The Copernican heliocentric proposal, while today attracting more attention in summary descriptions of the Scientific Revolution in astronomy, begged crucial questions having to do with the physics of celestial motion. One law of ancient and medieval physics was that the cosmos could only have one center point; another, that some elements naturally ascended (fire), others descended (earth); yet a third, that celestial bodies were spherical and “perfect.” Simple heliocentrism violated the second, without violating the first or third.
With his telescope, Galileo observed and reported that the moon had craters and was thus not “perfect.” In observing Jupiter’s moons, Galileo had evidence against the first of the ancient laws. A scientifically satisfactory explanation ultimately had to wait until Newton’s seventeenth-century work on gravity and centrifugal force.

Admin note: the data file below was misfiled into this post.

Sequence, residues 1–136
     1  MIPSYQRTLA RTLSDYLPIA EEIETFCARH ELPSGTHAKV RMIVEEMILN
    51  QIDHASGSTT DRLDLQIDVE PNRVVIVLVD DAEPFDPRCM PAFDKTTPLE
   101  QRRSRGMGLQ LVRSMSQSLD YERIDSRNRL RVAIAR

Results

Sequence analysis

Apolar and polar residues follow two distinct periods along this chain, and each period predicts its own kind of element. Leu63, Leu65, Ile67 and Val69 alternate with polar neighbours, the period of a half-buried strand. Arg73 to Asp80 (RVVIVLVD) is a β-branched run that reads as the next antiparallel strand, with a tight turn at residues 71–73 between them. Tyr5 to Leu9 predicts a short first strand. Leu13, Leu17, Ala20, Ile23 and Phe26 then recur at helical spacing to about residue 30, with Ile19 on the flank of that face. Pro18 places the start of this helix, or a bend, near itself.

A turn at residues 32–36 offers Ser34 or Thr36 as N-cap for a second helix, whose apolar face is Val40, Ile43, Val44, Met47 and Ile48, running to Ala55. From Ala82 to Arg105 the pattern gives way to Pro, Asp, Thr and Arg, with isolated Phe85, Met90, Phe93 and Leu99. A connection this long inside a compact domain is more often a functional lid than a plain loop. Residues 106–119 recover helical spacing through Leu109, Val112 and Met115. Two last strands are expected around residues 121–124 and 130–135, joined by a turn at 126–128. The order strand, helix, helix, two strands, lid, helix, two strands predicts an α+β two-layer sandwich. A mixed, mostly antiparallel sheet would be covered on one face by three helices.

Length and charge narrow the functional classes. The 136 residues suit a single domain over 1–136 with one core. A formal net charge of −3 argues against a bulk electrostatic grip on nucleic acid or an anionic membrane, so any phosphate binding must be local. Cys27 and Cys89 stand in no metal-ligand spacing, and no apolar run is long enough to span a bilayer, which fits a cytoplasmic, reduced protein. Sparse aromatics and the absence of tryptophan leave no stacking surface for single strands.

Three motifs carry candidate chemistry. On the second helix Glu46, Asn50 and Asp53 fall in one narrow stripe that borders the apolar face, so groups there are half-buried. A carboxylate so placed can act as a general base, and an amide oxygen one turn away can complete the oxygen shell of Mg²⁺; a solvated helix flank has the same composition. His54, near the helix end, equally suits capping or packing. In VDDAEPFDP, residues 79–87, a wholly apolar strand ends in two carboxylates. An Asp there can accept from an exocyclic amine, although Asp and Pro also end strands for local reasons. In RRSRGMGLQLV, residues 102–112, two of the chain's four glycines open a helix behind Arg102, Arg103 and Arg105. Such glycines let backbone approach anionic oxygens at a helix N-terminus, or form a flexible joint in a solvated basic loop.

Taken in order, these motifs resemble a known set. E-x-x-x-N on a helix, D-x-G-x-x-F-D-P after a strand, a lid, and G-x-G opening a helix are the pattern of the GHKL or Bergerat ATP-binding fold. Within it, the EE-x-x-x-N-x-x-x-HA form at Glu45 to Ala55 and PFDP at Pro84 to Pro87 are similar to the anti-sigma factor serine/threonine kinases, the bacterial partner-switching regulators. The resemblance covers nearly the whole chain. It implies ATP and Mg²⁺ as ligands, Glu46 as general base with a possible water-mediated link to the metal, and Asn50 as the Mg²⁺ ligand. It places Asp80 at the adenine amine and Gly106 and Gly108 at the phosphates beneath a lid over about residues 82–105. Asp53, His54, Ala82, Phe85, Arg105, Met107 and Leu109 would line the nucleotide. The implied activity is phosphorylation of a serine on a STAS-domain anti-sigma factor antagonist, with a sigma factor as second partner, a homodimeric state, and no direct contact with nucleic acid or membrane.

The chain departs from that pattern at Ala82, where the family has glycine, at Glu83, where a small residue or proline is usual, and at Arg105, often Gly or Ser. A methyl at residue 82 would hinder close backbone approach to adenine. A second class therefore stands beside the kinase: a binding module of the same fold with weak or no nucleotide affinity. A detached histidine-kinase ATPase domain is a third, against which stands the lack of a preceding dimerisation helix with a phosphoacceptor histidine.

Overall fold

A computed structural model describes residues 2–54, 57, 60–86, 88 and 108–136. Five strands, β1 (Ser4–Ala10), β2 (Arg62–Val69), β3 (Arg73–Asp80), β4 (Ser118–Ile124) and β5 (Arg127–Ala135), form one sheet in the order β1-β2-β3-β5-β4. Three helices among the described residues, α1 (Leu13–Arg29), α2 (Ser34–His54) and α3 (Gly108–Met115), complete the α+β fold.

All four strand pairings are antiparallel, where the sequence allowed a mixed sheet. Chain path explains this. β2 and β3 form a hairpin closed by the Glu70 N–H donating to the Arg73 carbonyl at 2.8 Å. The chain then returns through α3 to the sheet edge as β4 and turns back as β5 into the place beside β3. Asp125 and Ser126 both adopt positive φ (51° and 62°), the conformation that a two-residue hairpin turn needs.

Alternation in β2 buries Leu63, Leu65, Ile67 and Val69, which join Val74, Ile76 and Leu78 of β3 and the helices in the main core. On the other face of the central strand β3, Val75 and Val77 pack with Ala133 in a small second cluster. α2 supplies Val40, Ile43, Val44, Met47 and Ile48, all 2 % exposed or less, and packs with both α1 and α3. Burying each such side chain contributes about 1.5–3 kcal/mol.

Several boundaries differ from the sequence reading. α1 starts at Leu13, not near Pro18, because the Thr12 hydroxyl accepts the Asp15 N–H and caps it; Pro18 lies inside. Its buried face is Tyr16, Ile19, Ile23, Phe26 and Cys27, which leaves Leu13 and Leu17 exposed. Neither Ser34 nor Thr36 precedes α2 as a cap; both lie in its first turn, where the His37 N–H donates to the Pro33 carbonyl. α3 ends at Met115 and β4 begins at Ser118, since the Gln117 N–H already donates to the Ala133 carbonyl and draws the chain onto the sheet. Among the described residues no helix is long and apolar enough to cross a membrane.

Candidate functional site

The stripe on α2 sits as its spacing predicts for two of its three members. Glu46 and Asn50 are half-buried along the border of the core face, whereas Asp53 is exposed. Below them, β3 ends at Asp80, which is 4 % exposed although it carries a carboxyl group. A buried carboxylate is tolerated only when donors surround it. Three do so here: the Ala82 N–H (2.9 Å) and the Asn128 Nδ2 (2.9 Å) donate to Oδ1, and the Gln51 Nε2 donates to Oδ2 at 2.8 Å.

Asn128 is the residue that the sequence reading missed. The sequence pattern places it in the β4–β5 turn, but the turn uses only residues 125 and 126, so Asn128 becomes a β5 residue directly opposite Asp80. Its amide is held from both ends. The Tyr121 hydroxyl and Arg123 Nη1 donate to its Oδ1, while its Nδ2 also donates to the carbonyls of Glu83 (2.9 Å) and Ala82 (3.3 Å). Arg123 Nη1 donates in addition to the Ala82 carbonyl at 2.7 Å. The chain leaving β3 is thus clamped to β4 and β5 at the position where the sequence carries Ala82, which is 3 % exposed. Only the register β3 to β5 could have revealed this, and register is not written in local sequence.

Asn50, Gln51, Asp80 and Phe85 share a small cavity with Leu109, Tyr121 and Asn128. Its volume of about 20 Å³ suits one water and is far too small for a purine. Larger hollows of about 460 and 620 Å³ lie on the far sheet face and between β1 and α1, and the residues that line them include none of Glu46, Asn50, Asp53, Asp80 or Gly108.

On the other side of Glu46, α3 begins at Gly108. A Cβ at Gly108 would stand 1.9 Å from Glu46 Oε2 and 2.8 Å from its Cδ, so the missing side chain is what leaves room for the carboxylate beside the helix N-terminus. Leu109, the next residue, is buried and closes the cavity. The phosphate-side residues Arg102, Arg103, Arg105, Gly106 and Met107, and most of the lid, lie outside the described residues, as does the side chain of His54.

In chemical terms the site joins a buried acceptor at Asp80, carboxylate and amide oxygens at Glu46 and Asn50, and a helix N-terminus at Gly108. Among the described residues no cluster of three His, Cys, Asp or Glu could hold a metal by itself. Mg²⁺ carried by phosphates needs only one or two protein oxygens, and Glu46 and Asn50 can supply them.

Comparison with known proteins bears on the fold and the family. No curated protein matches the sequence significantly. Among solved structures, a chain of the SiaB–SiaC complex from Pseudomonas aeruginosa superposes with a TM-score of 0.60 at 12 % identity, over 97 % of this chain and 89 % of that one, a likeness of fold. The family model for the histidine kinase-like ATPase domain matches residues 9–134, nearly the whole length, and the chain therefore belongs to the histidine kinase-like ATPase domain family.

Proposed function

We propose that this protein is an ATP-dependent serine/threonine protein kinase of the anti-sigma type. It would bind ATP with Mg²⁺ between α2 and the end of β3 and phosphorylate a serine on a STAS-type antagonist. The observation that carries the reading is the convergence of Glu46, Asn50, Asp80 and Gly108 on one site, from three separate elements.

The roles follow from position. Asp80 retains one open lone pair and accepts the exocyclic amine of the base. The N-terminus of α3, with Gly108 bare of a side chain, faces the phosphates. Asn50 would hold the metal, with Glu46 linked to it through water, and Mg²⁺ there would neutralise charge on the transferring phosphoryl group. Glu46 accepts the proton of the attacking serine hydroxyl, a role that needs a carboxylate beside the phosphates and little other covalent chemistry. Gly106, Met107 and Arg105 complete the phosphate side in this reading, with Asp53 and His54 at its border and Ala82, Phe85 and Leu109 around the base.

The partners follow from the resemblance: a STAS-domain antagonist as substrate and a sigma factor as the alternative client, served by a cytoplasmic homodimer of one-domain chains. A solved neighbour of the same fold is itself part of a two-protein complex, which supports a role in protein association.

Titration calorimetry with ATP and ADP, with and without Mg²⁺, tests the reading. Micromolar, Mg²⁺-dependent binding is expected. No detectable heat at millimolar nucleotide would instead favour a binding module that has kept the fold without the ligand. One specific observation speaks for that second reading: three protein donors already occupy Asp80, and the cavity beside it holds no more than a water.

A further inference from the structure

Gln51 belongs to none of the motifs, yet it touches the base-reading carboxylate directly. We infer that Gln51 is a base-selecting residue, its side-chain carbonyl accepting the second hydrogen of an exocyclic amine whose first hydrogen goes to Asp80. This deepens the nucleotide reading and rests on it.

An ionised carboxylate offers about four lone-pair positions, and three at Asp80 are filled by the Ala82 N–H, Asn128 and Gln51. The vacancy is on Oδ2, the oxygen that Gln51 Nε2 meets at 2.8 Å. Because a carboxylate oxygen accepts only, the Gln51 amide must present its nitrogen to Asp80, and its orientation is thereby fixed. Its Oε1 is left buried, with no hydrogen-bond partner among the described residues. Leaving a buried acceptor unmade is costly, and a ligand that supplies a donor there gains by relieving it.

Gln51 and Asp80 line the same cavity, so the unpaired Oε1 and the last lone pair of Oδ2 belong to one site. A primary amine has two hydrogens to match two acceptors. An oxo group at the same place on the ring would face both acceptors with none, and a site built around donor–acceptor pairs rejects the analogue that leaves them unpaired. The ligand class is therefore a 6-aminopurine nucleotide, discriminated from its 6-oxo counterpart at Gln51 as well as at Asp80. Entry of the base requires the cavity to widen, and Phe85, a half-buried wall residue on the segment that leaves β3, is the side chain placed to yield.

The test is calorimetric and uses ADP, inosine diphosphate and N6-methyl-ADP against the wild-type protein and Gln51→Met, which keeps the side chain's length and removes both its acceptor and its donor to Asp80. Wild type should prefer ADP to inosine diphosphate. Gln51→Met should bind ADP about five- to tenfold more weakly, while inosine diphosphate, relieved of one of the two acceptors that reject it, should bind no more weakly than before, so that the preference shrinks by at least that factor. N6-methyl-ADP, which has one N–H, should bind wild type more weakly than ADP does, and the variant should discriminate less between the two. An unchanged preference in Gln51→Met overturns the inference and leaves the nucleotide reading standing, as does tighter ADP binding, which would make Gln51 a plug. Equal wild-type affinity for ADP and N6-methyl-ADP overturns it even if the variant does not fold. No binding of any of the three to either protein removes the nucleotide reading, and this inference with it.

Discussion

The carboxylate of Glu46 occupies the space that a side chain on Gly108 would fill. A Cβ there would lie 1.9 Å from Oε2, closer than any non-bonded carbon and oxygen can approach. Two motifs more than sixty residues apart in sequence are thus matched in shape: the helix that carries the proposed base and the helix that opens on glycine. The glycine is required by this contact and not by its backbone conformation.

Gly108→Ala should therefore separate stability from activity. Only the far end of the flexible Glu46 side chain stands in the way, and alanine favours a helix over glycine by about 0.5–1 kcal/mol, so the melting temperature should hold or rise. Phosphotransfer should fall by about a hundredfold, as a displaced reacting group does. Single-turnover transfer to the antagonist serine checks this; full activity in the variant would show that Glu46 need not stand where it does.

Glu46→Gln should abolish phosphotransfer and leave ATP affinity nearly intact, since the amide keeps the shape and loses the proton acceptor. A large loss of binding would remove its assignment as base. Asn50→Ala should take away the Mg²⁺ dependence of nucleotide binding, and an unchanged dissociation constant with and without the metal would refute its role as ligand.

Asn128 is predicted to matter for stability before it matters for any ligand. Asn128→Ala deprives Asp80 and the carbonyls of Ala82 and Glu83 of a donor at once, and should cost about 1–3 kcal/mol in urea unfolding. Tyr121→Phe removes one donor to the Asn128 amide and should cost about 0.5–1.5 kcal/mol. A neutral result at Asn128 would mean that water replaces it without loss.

Folks today often misappreciate the sixteenth and seventeenth-century debates by celebrating the heliocentrists in general, and Galileo in particular, for (a) at last relying on observation and (b) abandoning the Bible as an authority in explaining the workings of the natural world. Neither is quite right: Medieval geocentrism was drawn from ancient geocentrists like Aristotle, Hipparchus, and Ptolemy, none of whom was Christian. Moreover, medieval astronomers were prohibited by the rules of their disciplines at the medieval universities from drawing from the Bible for their arguments (that task belonged to the theologians alone). Furthermore, the work of ancient and medieval astronomers (be they polytheist, monotheist, or not-especially-theist-at-all) was highly observational: what was proving increasingly inadequate were the mathematical equations into which the collected observational data pertaining to the movement of those celestial bodies was inserted.